Sarathy Korwar was born in the United States and grew up in India. He began playing tabla aged 10 but was also drawn to the American music that he heard on the radio and that leaked through the doorway of his local jazz music shop.
At 17, Sarathy moved to Pune to study for a degree in environmental science, but he was still drawn to music, practising tabla and translating his skills to the Western drumkit and playing as a session musician. Finishing his studies, Sarathy began to think about pursuing a career in music and moved to London, where he trained as a classical tabla player under the guidance of Sanju Sahai, graduating with an MMus in Performance from SOAS.
Sarathy became involved in London’s jazz scene, connecting with Shabaka Hutchings (Sons of Kemet, The Comet is Coming), Cara Stacey (Kit Records) and performing with clarinettist Arun Ghosh. He was, however, itching to create under his own name and he started developing the concept for Day To Day and planning a trip to India to record the Sidis. It was late in 2014 when Sarathy heard about the Steve Reid Foundation and was accepted to be mentored by the foundation’s patrons: Four Tet, Floating Points, Gilles Peterson, Koreless and Nick Woodmansey (Emanative).
Ninja Tunes released Day To Day in 2016 and last year Sarathy collaborated with Hieroglyphic Being and Shabaka Hutchings to release A.R.E. Project 12”, of which The Quietus said: “the three musicians integrate elements of spiritual jazz, Indian classical and acid into a blissed out cosmic flow”.
As he prepares to perform new songs here later this month, Sarathy shared some of the artists he is listening to right now.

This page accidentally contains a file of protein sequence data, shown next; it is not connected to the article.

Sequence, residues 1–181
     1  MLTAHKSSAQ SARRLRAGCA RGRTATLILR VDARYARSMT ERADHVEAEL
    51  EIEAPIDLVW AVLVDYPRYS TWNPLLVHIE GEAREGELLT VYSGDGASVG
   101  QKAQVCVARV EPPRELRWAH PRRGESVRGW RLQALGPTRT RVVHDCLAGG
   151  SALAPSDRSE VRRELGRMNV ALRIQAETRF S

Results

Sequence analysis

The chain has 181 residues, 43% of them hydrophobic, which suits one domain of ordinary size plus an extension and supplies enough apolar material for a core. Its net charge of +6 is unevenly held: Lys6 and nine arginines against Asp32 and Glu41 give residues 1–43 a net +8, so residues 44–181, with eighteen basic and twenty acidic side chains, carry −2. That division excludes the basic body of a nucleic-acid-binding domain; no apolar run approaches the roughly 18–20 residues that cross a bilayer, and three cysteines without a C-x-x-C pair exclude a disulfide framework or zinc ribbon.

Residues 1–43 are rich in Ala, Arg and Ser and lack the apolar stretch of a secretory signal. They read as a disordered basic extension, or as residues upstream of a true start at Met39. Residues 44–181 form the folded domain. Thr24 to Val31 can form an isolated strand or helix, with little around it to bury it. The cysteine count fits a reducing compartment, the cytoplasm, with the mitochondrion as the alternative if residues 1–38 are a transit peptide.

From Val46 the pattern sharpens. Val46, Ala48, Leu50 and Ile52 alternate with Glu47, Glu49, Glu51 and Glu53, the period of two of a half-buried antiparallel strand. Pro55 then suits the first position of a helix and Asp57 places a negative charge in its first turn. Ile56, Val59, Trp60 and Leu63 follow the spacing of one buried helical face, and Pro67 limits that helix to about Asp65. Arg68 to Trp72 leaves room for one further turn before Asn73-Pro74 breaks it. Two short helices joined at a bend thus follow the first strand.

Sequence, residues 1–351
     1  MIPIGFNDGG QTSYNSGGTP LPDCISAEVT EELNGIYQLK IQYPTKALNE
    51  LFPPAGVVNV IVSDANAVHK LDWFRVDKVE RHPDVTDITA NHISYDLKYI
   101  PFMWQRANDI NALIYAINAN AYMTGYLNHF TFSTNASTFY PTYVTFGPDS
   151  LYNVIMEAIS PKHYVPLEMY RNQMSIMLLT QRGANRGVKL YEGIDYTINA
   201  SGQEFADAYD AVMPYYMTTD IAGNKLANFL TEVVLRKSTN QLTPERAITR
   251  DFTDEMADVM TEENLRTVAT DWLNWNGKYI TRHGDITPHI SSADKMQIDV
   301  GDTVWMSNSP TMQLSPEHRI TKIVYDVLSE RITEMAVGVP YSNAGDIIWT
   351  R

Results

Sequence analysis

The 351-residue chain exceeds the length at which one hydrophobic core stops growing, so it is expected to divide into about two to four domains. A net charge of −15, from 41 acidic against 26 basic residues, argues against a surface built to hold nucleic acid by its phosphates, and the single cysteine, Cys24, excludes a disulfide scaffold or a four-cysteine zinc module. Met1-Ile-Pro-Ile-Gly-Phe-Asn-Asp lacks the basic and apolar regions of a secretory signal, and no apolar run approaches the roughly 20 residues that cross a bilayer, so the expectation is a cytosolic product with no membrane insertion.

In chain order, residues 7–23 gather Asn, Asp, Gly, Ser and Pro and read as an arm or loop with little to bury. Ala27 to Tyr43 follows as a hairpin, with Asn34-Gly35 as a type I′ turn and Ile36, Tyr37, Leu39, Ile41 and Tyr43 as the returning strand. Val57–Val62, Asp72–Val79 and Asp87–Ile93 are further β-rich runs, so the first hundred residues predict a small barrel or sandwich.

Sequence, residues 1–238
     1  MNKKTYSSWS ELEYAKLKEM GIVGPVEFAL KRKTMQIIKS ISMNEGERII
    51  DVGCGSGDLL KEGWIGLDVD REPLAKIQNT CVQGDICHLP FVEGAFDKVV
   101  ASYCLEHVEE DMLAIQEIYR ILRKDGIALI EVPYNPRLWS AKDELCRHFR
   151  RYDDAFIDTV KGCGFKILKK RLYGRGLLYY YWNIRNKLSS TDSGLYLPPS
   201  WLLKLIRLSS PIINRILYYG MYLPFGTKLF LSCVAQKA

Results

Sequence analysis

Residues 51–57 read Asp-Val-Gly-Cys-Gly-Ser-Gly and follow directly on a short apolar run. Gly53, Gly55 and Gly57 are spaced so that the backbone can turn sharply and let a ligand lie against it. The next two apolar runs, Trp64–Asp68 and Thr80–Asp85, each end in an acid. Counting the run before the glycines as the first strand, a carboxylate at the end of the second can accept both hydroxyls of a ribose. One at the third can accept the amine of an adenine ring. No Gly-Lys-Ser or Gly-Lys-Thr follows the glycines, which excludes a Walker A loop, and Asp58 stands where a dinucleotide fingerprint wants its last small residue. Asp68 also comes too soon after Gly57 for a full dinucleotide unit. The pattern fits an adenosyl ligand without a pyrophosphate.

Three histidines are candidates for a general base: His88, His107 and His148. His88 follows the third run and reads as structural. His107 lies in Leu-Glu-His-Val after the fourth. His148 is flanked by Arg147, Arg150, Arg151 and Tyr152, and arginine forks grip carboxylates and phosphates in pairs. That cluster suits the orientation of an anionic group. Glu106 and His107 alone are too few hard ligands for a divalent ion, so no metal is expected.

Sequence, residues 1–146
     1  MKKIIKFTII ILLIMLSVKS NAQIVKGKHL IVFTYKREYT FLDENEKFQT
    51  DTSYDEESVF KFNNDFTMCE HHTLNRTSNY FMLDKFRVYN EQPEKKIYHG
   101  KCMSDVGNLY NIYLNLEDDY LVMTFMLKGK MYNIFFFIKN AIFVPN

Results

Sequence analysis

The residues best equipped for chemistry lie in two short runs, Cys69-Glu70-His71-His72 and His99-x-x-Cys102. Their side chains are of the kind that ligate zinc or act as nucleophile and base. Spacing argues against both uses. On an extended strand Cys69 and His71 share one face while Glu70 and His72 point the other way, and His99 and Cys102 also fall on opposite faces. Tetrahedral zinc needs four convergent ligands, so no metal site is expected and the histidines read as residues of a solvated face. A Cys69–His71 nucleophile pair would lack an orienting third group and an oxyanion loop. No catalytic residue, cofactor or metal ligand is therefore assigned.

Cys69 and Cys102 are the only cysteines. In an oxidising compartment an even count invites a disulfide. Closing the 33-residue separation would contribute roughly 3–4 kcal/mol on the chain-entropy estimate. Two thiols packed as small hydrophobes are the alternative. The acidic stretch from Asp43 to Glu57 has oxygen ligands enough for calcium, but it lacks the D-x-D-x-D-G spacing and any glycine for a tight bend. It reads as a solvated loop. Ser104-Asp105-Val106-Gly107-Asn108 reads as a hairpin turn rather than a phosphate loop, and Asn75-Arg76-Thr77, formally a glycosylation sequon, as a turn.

Sarathy Korwar on his playlist
This is a selection of music that I’ve been listening to recently. Inspiring me to create differently and challenge my own subconscious assumptions of what works in a musical context. A lot of the music is from peers of mine, making music primarily based out of London. I’m in love with how creative and diverse the city feels, especially when making playlist like this one (!) putting together an eclectic mix of sounds.
Don Cherry and Charles Lloyd are two of my favourite jazz musicians. I think this is because they understand the power of communal music making. Their music always reminds me to keep things fluid and focus on creating an atmosphere in which my fellow musicians on stage feel comfortable taking risks while playing.
I’m currently adding finished touched to an album that features a range of South Asian rappers, poets, spoken word artists and is about the reality and non-singularity of having a South Asian identity/background today. Bandish Projekt is a producer working with a very talented group called the Swadesi crew based in Mumbai. They combine the vocabulary and cadence of Indian classical percussion with fiery lyrics in Hindi, Marathi and Gujarati.
I’m incredibly lucky to be joined on stage by Idris Rahman (Wildflower/Soothsayers/ Ill Considered), Dan Leaver (The Comet Is Coming/Soccer 96) and Huw Marc Bennett (Susso/Minyata) whose individual music projects I deeply admire.
Sarathy Korwar performs live in the Purcell Room on Saturday 29 September, and tickets are on sale now.